Unless this is your first time visiting SmoothViews.com, you hopefully
noticed that things look a little different here this month. After
three years, it was time for a little face-lift, and I decided to
go for a more minimalist approach.
Since publishing our last edition, four smooth jazz radio stations
went off-air; four in a string of stations shutting down, with no end
in sight. But in the midst of the site redesign, and while we
ponder the upheaval on the airwaves in earnest elsewhere in this issue,
I had an epiphany... Jon Stewart (The Daily Show) would call
it "your moment of Zen." Here it is.
Minimalism is great. At its best, it is like a great set of Bose
headphones; it reduces a lot of noise. It eliminates a lot of
superfluous fluff and takes away distractions. We all need more
minimalism in our lives.
Wikipedia defines minimalism as movements in various forms of art
and design, especially visual art and music, where the work is stripped
down to its most fundamental features.
Hmmm. "…stripped down to its most fundamental features"? Maybe
the smooth jazz radio format is just going minimalist! That doesn't
seem so bad, does it? Surely, 30-year-old pop vocals would be
part of that stripping down, wouldn't it? It's hard to think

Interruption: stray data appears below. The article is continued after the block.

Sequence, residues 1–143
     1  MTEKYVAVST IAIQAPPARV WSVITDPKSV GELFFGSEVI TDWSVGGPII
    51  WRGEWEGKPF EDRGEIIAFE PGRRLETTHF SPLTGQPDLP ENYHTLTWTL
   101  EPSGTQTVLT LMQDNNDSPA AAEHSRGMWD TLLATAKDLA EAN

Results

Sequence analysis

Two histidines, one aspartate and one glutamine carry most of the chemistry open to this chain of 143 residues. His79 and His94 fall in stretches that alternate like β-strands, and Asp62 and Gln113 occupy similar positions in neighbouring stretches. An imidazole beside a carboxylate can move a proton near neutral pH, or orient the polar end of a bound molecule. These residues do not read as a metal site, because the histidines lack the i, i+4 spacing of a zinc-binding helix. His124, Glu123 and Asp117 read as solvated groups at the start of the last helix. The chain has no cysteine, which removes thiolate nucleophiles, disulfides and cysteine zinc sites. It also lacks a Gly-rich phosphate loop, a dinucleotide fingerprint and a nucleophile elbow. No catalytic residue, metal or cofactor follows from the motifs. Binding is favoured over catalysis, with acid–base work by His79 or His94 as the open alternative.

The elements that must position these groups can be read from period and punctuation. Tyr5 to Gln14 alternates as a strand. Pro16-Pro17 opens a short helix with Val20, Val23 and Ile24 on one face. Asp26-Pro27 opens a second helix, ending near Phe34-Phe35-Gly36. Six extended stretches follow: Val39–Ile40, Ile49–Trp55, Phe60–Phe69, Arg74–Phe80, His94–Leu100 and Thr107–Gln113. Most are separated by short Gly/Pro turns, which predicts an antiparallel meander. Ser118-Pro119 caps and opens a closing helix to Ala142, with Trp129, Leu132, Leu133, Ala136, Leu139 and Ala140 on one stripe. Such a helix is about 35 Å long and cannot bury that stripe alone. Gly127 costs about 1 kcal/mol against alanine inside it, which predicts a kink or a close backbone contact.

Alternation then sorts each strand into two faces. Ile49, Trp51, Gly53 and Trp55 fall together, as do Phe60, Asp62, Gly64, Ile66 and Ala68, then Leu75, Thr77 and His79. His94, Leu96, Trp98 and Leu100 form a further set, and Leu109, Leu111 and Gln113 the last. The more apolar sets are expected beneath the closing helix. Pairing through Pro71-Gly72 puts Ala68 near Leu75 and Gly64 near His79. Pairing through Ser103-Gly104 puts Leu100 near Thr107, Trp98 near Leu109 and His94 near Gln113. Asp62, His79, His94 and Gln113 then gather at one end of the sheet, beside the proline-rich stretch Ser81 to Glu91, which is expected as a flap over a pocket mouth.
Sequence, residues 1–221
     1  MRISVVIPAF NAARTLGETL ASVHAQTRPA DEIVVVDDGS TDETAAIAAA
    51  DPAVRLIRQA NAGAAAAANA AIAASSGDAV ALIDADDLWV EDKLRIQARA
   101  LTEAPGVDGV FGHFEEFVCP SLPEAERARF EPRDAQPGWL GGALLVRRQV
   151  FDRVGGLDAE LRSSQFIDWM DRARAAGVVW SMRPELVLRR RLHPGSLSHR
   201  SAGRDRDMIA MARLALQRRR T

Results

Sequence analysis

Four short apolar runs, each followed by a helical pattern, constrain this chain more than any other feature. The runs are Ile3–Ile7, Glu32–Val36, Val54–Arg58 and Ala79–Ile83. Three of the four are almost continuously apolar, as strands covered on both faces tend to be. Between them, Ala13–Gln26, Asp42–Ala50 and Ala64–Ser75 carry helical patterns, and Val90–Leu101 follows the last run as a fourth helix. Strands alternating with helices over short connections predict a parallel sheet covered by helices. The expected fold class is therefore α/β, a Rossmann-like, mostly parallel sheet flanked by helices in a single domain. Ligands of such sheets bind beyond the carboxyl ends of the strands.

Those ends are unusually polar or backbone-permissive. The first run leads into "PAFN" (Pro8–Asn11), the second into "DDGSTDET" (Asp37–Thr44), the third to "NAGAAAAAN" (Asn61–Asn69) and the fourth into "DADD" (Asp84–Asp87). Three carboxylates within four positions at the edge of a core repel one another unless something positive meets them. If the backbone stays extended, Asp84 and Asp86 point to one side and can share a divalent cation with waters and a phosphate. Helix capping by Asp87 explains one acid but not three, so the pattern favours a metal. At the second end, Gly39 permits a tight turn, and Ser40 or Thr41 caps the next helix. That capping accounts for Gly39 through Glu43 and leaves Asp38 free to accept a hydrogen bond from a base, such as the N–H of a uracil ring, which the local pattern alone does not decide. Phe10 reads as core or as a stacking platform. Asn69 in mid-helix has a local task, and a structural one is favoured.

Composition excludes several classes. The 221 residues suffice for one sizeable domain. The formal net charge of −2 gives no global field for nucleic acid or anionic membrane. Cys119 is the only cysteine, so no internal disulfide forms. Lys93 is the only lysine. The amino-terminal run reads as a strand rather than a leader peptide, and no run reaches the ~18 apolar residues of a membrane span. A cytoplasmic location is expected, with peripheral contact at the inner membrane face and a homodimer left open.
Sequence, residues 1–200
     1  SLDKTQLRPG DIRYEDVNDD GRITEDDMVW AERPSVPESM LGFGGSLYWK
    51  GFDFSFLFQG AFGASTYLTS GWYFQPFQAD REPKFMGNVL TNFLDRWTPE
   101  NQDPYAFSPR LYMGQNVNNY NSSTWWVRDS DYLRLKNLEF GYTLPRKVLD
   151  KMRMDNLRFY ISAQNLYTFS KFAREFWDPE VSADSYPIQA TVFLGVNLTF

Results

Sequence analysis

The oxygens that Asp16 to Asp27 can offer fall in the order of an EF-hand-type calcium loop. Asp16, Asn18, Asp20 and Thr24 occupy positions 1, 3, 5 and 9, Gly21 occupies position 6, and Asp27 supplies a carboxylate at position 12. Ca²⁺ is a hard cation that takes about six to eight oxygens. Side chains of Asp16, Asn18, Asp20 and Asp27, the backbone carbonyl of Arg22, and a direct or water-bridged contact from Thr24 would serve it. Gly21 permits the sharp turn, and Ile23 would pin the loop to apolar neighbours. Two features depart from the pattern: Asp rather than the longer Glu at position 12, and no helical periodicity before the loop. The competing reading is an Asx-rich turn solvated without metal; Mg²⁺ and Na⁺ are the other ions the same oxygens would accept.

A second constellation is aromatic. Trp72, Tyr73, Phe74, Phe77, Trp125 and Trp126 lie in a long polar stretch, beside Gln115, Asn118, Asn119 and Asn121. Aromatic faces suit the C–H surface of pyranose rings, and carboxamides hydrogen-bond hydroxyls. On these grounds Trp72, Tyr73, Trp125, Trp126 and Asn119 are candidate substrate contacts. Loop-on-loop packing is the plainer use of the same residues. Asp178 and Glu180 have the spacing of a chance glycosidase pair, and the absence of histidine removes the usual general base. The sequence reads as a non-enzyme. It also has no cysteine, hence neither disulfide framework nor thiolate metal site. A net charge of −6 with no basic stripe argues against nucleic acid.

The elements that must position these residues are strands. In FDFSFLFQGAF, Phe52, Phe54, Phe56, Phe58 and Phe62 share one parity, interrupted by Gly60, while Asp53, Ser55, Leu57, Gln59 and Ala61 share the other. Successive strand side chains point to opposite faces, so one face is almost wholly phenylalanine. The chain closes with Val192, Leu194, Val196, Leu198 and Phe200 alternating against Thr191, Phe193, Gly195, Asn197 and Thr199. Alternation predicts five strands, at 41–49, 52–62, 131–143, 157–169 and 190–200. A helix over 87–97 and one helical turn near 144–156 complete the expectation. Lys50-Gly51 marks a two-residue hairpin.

of radio stations in major markets like NYC and Denver being superfluous
fluff, but, hey… who knows?
I guess the question might be, how minimalist can it go? It's
one thing to strip something down to its most fundamental features,
but it's a whole other thing to be stripped bare and become a blank
white canvass, or in radio-speak, dead air. I mean, have you
ever been to a modern art gallery and seen what looks like, for all
the world, a blank white canvass hanging on the wall? I usually
have two reactions to that. First, I think, that's art? I
wish I could make a living marketing blank canvasses as art! I
mean, it worked for the graphic artist that designed the Beattles'
White Album. But my next reaction is this overwhelming desire
to grab some paint and fling it on there!
So, at what point does smooth jazz, the radio format, become so minimalist
that it becomes one station with nothing but dead air? And if
most of the stations are broadcasting nationally syndicated segments
all day long, and the vast majority of tunes on the playlist are just
musical wallpaper, or ambient background noise, is dead air really
that much worse?
There is a bright side to this. I'm certain that I'm not the
only one who is standing around looking at that blank canvass with
an overwhelming desire to put something on it.
Here's your moment of Zen… grab some paint.